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West Virginia’s new law regarding criminal record expungement

On Behalf of | Oct 25, 2021 | Criminal Defense

Having a criminal record can dramatically change your life. In West Virginia, there is a new law that can impact the way you get your record expunged. If you have a criminal record, you should know the criteria for expungement and what to expect.

Who is eligible for expungement?

As per criminal defense law, some people are able to pursue an expungement on their prior criminal record. Usually, a person will want to have their record expunged in order to obtain a new job or housing. Expungement can be made against criminal charges or criminal convictions.

What are the limitations on expunging a record?

Certain types of crimes are eligible for expungement. Individuals who had criminal defense after being charged with a misdemeanor or nonviolent felony can seek to expunge their records. However, if a person has more than one misdemeanor conviction in their past, they are not eligible to have their record expunged until at least two years have passed since their last one or after they have completed a jail or prison sentence.

A person who has a nonviolent felony conviction is not eligible for expungement until at least five years have passed since that conviction or until after they have served their entire sentence. The nonviolent felony conviction must also have not involved any intentional act that led to serious bodily injuries or involved any violence or potential violence to a person or the public as a whole.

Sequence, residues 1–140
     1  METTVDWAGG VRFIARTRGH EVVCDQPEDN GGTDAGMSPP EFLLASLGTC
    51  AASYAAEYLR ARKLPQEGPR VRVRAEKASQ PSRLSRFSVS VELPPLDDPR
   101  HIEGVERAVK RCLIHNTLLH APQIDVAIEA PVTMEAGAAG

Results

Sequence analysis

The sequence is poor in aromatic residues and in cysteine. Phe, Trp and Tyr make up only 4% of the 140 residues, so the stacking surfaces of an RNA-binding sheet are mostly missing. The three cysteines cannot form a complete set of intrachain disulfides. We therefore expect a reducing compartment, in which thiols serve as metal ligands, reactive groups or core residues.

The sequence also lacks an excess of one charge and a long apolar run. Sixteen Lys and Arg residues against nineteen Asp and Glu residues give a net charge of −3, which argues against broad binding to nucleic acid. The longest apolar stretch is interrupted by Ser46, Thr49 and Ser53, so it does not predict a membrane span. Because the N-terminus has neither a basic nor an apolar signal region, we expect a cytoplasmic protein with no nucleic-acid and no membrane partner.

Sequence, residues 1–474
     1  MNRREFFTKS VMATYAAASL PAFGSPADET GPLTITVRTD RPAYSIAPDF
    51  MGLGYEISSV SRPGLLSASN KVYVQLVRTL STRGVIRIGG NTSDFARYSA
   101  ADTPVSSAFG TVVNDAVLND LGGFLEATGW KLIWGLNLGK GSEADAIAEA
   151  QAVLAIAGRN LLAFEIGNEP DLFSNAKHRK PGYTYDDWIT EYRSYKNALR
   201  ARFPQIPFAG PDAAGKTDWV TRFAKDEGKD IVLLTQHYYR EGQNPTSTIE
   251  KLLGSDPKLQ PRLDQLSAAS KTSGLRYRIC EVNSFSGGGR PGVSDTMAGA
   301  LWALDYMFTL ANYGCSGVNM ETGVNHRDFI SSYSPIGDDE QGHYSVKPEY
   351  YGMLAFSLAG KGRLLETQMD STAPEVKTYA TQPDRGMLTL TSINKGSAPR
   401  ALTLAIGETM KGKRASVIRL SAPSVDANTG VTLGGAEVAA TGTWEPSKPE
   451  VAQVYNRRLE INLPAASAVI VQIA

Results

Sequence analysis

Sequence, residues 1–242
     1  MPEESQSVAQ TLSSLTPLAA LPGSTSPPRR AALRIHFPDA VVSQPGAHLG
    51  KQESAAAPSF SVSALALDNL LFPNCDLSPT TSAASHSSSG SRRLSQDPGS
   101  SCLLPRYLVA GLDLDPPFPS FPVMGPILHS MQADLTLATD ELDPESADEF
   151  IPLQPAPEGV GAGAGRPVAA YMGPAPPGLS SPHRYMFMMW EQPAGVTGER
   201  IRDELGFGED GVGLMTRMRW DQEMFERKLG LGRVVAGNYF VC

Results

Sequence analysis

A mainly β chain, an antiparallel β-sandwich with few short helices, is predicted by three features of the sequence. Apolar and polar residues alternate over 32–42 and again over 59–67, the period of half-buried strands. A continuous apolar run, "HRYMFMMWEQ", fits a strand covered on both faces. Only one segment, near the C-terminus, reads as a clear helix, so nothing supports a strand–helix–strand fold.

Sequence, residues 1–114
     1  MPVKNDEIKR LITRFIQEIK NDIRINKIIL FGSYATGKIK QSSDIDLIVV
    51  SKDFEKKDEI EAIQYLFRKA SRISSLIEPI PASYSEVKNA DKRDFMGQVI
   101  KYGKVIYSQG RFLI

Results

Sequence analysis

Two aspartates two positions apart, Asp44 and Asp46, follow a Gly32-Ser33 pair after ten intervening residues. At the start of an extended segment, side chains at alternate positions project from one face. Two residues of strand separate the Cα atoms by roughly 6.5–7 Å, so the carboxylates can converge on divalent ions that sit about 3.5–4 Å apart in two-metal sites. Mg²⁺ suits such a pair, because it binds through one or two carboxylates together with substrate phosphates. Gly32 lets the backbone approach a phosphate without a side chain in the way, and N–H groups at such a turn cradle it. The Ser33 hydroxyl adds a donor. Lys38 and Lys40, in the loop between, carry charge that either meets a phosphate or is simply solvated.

Some types of criminal convictions cannot be expunged. If a person has a federal conviction on their record, they are not eligible for an expungement. Crimes involving deadly weapons, explosives, domestic violence, sexual offenses and any type of child abuse are ineligible for expungement.

What happens when a record is expunged?

Even if you needed criminal defense for a past offense, when that offense is expunged, it means that it’s removed from your record. Once the expungement occurs, it’s as though the crime never happened. Your record is sealed, which means that it can no longer be viewed. That means if you apply for a job or housing that requires a criminal background check, your prior record will not show up in the results.

An expungement is a great option for certain people. Once your record is expunged, you will face fewer barriers and restrictions.